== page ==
Budapest has been ever-more confrontational, refusing to accept a European Court ruling over refugees and ranting against Hungarian-born financier George Soros. But a rift with the EU would spell disaster.
In 1956, Western European countries took in anti-Soviet refugees from Hungary. Six decades later, Budapest seems less than inclined to react in kind. To keep refugees and migrants out, Hungary has erected barbed wire fences along its southern border. Under the leadership of Prime Minister Viktor Orbán, nationalism is surging. In a speech last month, he commemorated the 1956 revolution by warning Hungarians that the European Union was intent on making their country part of a homogeneous mass, void of identity. “Hungary’s everyday life is threatened,” said Orbán. “The forces of globalism are trying to bash open our door, trying to make us become ‘Homo Brusselicus’ instead of Hungarians.”
Orbán’s polemic comes at a time when ties with Brussels are more strained than ever. A number of thorny issues have burdened the relationship, from Russia’s ties with ex-Soviet satellite states, to George Soros’ influence in the region. But no issue has roiled the waters more than migration. Hungary closed off its southern borders in 2015, building a double layer of fences to effectively – and visibly – protect its status as what Orbán calls Europe’s last “migrant-free zone.” Any migrants who approach the border and apply for asylum status are immediately detained in a prison camp along the border region.
Orbán and his ruling Fidesz party have also refused to comply with the EU’s compulsory quota system to distribute migrants among member states. Budapest (along with Slovakia) appealed to the European Court of Justice to avoid participating in the system and lost, but continues to defy the court’s ruling.
Children Not Welcome
The recent case of Öcsény, a village in southwestern Hungary, highlights how fraught the debate over migration has become. In September, a private hotel owner offered to host a group of refugee children at his hotel for a free holiday. Though the children had already been granted refugee status, Zoltán Fenyvesi’s proposal sparked fury among villagers, triggering clashes and stoking anti-migrant sentiment. Fenyvesi was threatened several times, and his car tires were slashed. The local mayor resigned over the issue, blaming himself for having entered into the fray in the first place. Prime Minister Orbán failed to condemn the violence that swept the town. He told Hungarian journalists at the recent EU summit in Tallinn, “there have been so many lies regarding the migrant issue that if anybody says there will be children coming, then the Hungarians’ answer is: first the children, then parents, then the family, and then we’re all in trouble.”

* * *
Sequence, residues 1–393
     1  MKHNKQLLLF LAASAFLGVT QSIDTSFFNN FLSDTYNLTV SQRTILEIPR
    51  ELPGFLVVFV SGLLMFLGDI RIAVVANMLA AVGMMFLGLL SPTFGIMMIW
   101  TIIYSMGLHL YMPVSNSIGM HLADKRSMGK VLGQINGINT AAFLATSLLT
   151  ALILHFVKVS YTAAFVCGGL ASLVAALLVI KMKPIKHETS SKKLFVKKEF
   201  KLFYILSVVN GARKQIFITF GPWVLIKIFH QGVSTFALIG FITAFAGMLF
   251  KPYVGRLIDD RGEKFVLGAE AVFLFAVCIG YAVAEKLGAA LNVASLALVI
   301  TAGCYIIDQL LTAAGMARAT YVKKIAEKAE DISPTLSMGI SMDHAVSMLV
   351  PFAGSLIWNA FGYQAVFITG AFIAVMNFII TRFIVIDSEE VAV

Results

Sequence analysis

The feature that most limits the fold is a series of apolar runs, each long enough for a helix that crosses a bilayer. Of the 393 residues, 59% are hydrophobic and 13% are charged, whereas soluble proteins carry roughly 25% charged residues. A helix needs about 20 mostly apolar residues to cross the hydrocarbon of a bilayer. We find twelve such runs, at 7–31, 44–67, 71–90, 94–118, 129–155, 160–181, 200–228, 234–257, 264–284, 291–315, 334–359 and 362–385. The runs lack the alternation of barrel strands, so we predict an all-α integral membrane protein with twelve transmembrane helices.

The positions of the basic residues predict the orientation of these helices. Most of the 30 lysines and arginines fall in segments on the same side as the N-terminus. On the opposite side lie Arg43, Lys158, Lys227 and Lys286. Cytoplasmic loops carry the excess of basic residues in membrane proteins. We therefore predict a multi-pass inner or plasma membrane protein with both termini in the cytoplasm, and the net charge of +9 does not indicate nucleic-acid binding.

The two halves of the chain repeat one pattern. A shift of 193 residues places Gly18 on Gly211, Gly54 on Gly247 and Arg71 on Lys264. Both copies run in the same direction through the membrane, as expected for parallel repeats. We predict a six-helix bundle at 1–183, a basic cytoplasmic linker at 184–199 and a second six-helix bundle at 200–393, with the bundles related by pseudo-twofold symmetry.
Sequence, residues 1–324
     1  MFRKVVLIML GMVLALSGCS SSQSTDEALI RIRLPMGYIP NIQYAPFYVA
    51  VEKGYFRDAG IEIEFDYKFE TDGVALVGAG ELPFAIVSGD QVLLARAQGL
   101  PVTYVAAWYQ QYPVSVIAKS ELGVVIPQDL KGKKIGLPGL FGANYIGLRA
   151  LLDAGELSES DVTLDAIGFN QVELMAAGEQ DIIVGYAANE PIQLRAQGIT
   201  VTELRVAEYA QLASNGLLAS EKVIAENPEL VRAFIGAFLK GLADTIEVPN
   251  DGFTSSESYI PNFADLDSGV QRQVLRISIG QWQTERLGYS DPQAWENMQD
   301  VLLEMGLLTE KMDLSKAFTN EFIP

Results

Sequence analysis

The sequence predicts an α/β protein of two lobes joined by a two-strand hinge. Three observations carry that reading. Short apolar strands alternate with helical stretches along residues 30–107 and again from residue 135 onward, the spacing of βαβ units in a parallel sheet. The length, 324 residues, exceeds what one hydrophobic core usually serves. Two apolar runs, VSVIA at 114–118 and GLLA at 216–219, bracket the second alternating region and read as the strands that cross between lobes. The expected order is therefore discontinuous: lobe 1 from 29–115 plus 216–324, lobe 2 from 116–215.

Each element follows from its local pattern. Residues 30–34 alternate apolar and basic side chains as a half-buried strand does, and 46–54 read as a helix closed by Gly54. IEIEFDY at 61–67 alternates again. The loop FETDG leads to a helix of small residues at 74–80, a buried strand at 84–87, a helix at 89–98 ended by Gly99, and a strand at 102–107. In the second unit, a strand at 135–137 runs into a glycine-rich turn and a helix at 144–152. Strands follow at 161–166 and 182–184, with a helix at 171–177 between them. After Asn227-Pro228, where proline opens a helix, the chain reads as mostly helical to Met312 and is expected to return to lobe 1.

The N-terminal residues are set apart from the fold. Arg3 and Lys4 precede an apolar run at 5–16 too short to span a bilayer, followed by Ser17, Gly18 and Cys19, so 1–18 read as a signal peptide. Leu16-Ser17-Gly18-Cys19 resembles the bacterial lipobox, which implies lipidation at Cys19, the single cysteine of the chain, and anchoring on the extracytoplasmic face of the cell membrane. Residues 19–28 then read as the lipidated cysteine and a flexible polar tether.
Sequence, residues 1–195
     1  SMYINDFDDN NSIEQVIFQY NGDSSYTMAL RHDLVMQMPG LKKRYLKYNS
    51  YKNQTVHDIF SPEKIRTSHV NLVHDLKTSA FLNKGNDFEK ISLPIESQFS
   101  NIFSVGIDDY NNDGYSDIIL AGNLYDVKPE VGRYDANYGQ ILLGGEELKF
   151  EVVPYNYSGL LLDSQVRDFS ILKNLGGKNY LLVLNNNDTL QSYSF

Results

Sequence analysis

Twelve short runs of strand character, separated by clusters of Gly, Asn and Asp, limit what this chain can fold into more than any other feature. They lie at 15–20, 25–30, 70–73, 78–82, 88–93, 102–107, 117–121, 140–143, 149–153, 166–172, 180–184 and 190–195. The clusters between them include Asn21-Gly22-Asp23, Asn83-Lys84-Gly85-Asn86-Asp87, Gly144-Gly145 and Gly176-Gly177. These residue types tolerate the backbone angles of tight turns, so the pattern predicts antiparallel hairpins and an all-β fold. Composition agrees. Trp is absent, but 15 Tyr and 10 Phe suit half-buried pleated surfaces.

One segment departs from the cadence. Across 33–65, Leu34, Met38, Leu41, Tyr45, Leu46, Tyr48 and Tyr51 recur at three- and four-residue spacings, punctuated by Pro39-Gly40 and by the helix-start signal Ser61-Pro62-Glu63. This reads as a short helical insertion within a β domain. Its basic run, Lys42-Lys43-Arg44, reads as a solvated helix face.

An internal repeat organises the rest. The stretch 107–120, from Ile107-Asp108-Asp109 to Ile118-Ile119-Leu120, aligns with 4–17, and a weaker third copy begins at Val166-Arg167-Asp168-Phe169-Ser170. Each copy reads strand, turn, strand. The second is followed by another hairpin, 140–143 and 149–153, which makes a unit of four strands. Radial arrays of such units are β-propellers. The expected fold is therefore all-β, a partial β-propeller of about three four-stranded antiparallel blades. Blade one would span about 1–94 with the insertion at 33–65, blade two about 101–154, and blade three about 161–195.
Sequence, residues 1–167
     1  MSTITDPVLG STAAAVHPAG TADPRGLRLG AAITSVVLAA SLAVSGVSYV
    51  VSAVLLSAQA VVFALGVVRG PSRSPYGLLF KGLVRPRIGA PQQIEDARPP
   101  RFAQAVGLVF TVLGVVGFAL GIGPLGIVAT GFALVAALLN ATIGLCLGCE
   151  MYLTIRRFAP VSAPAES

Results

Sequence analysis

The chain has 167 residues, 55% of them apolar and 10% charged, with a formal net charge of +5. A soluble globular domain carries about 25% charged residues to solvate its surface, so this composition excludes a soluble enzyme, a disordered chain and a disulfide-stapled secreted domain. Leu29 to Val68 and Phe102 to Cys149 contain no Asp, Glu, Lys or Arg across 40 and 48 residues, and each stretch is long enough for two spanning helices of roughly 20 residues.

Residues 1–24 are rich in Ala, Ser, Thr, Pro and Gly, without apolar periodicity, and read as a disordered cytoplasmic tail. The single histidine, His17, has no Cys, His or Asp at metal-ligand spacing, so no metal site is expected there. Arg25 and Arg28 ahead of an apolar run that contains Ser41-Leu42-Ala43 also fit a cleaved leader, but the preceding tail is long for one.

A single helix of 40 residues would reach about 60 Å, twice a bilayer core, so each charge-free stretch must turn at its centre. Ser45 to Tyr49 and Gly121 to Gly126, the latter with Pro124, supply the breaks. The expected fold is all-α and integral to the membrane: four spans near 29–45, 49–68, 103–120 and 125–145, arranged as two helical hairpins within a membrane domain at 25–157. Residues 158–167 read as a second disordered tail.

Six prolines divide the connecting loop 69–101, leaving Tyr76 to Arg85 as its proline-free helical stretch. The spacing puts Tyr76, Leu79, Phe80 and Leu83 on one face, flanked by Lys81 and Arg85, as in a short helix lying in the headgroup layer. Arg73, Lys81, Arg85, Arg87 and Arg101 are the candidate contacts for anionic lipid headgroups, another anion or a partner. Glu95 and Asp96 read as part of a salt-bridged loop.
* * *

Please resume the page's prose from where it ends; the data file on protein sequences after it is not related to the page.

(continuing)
A few days later the mayor of Cserdi publicly offered to host the children for a long weekend in his hamlet. He faced abuse almost immediately: a villager spat in his face, and a car tried to hit him on the crosswalk near his home. The government again failed to address the violence. Instead, Budapest keeps pointing the finger at the man they see as responsible for the influx of migrants: billionaire businessman and financier George Soros.
The Soros Question
George Soros is hard to miss in Hungary these days. The government has funded a massive billboard campaign featuring his face and the message: “Let’s not let Soros have the last laugh.” Fidesz and state media accuse the Hungarian-born philanthropist of orchestrating the “Soros Plan,” a strategy that will supposedly bring millions of migrants to Europe and advance left-wing politics. Orbán’s government has also threatened to shut down the Soros-funded Central European University in Budapest; a bitter battle to keep it open is ongoing.
Soros and his Open Society Foundation say Orbán’s accusations of a nefarious left-wing conspiracy have no merit. The billionaire, who backs pro-democracy and human rights initiatives, has urged Europe to screen and resettle refugees safely in order to help developing countries that are shouldering an unfair burden. As a Hungarian-born Jew who survived Nazi occupation, Soros has said Budapest’s billboard campaign recalled “Europe’s darkest hours.”
“It is horrifying to see journalists [and] media workers being listed and labeled by the government media as Soros henchmen,” said Tamas Vitray, a prominent Hungarian journalist and talk show host. “I’m outraged and I think we’re playing with fire.”